Industry workshop: Applying smoothed particle hydrodynamics
30 Oct 2016
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We're bringing together companies and industry representatives that are interested in finding out more about how they can apply the Smoothed Particle Hydrodynamics (SPH) technique within their R&D

 

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When: Weds 30 November 2016, 09:30 - 17:30

Where: Hartree Centre, Sci-Tech Daresbury, Cheshire

Price: Free

Timetable: Download timetable (PDF - 165kB - link opens in a new window)

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Do you have R&D problems that traditional CFD or solid mechanics can’t solve?

Do you want to take advantage of the latest techniques which could provide valuable insight that you can use to improve products and services?

This event aims to bring together companies and industry representatives that are interested in finding out more about how they can apply the Smoothed Particle Hydrodynamics (SPH) technique within their R&D and connect them with leading, UK-based SPH experts from the Hartree Centre and other academic institutions.

With origins in astrophysics, where this technique was developed to calculate large gas cloud and galaxy formations, and with over 30 years grounding in worldwide research, SPH has already made an impact in the computer games and animation industries – remember the scene where Gollum sinks in to the lava in the final Lord of the Rings film?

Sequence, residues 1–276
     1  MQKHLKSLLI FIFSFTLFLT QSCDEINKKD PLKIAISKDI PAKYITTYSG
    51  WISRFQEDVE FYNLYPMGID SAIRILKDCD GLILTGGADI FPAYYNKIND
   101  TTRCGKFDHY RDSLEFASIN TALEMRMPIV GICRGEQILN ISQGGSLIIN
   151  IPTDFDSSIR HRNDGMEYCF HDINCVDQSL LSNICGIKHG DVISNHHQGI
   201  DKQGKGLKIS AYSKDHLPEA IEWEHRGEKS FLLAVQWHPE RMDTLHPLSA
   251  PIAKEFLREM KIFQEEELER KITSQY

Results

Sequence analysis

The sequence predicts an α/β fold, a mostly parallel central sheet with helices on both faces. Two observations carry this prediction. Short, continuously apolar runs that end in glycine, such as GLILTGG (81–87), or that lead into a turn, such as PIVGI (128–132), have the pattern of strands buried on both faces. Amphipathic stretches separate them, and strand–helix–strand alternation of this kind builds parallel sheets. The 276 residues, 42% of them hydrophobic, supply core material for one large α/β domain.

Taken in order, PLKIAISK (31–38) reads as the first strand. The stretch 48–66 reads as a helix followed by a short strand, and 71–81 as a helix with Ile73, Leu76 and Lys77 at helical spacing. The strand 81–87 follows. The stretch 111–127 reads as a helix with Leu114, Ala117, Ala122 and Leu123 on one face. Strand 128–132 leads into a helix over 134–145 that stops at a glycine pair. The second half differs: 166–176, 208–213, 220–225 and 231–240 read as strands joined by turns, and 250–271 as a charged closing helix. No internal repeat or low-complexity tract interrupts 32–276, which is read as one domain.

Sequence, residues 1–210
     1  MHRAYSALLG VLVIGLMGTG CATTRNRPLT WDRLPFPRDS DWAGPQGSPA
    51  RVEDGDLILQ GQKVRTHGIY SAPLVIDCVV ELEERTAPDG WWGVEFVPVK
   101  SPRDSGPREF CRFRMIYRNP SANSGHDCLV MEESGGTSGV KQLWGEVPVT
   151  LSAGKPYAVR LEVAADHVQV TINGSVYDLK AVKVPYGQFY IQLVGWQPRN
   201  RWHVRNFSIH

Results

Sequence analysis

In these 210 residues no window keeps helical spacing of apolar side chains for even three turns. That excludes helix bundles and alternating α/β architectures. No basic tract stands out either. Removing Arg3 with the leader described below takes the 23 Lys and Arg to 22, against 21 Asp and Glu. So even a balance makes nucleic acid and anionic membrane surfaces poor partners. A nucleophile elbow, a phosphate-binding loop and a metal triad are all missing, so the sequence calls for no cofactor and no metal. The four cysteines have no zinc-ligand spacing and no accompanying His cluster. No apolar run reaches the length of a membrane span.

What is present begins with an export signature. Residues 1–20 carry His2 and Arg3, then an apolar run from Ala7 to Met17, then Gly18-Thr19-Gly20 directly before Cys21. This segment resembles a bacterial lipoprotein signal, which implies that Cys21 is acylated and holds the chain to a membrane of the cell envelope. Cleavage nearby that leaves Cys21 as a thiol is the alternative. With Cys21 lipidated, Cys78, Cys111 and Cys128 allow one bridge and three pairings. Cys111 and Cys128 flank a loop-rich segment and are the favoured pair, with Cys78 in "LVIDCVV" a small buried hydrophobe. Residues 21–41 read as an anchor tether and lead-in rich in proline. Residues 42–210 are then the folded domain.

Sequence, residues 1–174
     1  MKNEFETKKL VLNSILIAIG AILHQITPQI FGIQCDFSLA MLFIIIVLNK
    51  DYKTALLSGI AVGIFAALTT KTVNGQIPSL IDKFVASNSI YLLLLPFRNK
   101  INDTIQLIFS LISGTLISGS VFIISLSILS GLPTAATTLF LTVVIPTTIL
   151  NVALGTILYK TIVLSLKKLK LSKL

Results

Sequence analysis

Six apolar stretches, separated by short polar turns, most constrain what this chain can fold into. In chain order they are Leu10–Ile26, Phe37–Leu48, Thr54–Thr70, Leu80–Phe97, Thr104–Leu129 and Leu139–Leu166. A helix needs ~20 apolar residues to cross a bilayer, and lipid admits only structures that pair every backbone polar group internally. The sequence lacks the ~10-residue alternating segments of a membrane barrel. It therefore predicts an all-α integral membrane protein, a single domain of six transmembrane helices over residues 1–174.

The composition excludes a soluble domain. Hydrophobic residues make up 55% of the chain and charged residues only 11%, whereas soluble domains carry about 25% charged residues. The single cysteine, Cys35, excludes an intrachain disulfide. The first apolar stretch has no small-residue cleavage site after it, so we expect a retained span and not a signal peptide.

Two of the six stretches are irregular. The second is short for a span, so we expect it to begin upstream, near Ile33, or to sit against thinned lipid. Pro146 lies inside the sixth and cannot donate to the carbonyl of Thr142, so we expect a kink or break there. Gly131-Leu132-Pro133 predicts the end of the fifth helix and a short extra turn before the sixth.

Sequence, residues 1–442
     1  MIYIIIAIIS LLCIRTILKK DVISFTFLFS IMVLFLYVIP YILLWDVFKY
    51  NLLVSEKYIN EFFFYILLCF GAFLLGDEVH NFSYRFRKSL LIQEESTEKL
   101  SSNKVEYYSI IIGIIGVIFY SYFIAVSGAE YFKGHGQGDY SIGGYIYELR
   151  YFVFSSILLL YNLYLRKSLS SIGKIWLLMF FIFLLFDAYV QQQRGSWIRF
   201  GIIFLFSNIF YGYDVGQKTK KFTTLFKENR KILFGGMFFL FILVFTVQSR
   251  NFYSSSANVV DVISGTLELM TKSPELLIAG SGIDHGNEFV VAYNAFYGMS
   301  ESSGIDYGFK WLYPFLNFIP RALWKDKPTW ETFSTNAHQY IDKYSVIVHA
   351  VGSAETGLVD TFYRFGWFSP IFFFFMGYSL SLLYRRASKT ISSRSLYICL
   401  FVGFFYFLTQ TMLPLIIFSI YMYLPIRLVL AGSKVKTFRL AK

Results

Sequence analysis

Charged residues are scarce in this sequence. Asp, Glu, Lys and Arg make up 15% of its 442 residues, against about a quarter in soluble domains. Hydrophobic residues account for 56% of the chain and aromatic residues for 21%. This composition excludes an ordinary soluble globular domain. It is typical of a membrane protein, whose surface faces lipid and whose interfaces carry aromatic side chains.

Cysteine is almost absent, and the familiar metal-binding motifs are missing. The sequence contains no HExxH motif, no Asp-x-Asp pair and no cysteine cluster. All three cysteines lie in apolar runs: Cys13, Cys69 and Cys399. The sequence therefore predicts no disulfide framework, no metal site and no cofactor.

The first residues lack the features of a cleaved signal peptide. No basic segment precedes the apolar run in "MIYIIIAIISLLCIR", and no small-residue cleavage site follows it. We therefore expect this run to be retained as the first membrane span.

At this one day workshop we will introduce you to the power and potential of SPH in the automotive, aerospace, naval and engineering sectors. Industry representatives will be given an opportunity to describe and explore current challenges to academic researchers, who will then be empowered to describe their own industry-relevant work and suggest potential solutions to the problems presented.

How does SPH work?

Instead of using a mesh as the basis of its calculations, SPH uses a set of points. As it does not involve the time-consuming process of creating a mesh, this means it can fit well with industrial processes that involve rapid prototyping or as a starting point for more time-consuming mesh based calculations.

What are the advantages?

It lends itself well to massively parallel high performance computing (such as GPUs and the Intel Xeon Phi) as well as traditional MPI based solutions. It also has the unique advantage of providing insight where a free surface exists in a CFD simulation or where challenges involve large deformation, like you would get in a sloshing fuel tank or high speed impact of a solid into a surface.

For more information or any questions you may have, please contact Luke Mason.  

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